“Parents, teachers and I were concerned about the increasing number of students injuring themselves recently by playing roughly in the playground during games like chasey, tiggy, football and basketball.
“We are very serious about student safety and that’s why we decided to do this.”
And? Such is school life, though I spent years playing school rugby without ever knowing anyone to break a bone or get a concussion or in fact get anything worse than the odd bruise or cut. And I don’t mean anyone in my class or year, I mean anyone in the entire school while I was there. Maybe there was and I didn’t know that the kid two years below me that I didn’t even know by name was suddenly wearing a cast because of an unlucky tackle on the rugby field, but if so there was no mention made, no big hooha and no non-contact games rule even thought of, let alone imposed. I can’t help but wonder if the apparent rarity of injuries was just that we were getting better tuition and supervision on how to play contact sports without seriously risking ourselves or other players, and I also wonder if a high number of injuries – if it really is high – at Mount Martha Primary indicates that that’s not happening.
Not that everyone’s on message with that excuse anyway.
… one parent, Nicole, claimed that the school was backpedalling because some parents were told by the school that the new rule would be in place for a minimum of three weeks, which would be extended if the children did not behave themselves.
They’re kids, for heaven’s sake. It’s practically inevitable that one of them will forget or have a dummy spit and go too far and provide the excuse for the extension. In fact if you’re counting high fives, hand shakes and hugs then they probably already have.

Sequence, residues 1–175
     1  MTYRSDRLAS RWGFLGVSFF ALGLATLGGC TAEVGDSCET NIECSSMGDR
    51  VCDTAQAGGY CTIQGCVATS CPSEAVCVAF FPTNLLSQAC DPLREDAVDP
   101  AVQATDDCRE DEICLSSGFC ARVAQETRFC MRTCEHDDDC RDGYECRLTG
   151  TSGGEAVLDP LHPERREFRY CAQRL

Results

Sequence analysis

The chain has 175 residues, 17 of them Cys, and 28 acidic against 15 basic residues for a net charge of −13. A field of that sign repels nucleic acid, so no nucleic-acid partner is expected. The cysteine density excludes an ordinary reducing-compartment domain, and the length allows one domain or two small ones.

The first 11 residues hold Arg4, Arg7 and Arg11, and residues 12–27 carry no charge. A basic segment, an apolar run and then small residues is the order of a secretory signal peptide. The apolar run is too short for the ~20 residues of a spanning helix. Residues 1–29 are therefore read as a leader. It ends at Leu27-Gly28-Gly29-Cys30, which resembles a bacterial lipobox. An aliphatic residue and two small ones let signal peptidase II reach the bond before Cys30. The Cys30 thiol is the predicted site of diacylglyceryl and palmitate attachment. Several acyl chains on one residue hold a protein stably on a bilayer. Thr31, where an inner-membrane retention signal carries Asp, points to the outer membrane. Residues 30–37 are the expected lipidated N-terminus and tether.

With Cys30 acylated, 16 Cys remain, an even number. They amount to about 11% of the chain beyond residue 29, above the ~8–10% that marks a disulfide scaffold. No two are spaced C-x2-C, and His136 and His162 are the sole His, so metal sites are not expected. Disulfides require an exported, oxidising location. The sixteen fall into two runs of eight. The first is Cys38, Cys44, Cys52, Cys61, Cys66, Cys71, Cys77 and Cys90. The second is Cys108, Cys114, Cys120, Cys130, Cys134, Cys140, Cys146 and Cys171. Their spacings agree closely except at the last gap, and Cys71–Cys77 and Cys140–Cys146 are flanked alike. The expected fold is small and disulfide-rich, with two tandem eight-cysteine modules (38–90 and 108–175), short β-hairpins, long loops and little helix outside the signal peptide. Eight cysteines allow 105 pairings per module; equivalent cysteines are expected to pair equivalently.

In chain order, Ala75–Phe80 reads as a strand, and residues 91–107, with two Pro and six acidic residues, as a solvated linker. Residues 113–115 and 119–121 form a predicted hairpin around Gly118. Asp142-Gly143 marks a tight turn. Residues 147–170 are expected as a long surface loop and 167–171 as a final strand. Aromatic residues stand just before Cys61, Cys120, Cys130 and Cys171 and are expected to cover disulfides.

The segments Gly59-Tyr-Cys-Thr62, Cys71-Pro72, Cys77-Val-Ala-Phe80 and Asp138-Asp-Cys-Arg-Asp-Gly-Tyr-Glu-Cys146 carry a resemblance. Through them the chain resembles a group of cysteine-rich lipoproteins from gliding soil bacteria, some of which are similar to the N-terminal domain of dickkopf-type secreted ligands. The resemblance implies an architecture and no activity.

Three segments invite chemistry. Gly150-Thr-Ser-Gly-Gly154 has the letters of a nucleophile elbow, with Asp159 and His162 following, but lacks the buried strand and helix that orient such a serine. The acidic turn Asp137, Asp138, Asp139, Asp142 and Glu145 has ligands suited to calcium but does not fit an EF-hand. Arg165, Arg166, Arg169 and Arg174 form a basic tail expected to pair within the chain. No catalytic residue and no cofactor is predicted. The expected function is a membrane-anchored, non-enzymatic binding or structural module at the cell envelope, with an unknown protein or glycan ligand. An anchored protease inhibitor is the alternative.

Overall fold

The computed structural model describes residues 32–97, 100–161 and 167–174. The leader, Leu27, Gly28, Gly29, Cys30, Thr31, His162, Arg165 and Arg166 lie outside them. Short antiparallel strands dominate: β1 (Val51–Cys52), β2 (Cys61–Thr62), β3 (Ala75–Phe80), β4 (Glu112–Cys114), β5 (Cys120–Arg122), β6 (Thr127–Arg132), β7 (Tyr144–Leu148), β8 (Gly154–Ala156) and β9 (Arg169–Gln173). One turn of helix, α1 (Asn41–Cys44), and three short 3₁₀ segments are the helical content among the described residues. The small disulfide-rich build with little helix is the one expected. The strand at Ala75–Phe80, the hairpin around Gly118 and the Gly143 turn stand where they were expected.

[Ms Beckworth] did not believe the school’s response was an overreaction.
“When you have students badly injuring themselves, it would be unacceptable for me not to take action,” she said.
Oh, Jesus. Look, it’d be unacceptable for you to ignore it, but an event does not necessarily demand action. By all means recheck to assure yourselves that you’re already doing your best and take action if you realise that you’re not, but for Christ’s sake include a sanity check to make sure you’re not going too far. If kids are getting bollocked for putting their arms around a friend’s shoulders to comfort them then I’d suggest that second bit is being overlooked.
The only bits about this whole story that hasn’t gutshot my faith in humanity and set my misanthropy gauge spinning into self destruction again are the newspaper poll result that overwhelmingly showed that people thought the school had gone too far, and the admirable reaction of the children themselves.
The Year 6 students at Mount Martha Primary School were so disgusted by the new rule that they staged a sit-down protest on the school oval at lunch yesterday before they were moved to the school gym and given a dressing down…
I only hope that that spark of dissent in the face of unreasonable restrictions isn’t completely crushed out of them by the time they’re adults.